The last two months have been extremely difficult for daily wagers. The government of India has said that 8 crore migrant workers are facing difficulty in feeding themselves which is why the government will provide them foodgrain for three months. Apart from the migrant workers, there is a large proportion of the rural population that has lost livelihood or has suffered huge losses in farming. With no cash, they cannot buy food. So malnutrition will increase and they may be pushed even deeper into poverty. Thus poverty is likely to be increased in future to the pandemic.
He further added that, key for saving people from hunger lies in increasing their purchasing power. There may be enough foodgrain available in a country but its people will still suffer starvation because of lack of purchasing power, explained Dr. Singh. He said,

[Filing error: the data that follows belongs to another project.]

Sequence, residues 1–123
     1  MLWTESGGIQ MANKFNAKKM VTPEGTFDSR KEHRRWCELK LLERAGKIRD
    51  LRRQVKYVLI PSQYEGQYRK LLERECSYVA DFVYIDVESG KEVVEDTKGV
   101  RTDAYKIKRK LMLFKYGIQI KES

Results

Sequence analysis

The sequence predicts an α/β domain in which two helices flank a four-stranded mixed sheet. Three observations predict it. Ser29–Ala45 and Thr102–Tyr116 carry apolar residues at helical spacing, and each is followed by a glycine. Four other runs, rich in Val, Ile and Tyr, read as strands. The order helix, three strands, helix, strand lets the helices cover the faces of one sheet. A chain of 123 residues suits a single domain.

If money is not given to them and they don’t have the purchasing power, they may not be able to survive. Earlier in 1942, the Bengal famine was also a result of lack of purchasing power which led to hunger. Many people died because of this and not because of non-availability of food. Purchasing power is directly related to livelihood. Thus employment guarantee programmers like NREGA (National Rural Employment Guarantee Act) needs to be given importance.
Dr. Singh highlighted that in India, on an average, a person needs 10 kilograms of cereal in a month for sufficient food consumption. However, under the Public Distribution System (PDS), the government is providing only 5 kgs cereal per person per month to the poorest of the poor which will cater to only half of their consumption needs.
The ‘Hunger Map’ devised by the WFP to map hunger, says that at present in India, 272.3 million people are living with insufficient food consumption, which is about 24.46 million more than three months ago.
According to Dr. Singh, people in many developing countries who have been facing economic hardships due to the ripple effect of COVID-19 pandemic will not be able to get a decent livelihood in the near future. He asserted that this will lead to hunger and hunger deaths. He said that if extra support in terms of money is not given to the people of developing countries, they may get into the quagmire of poverty and hunger.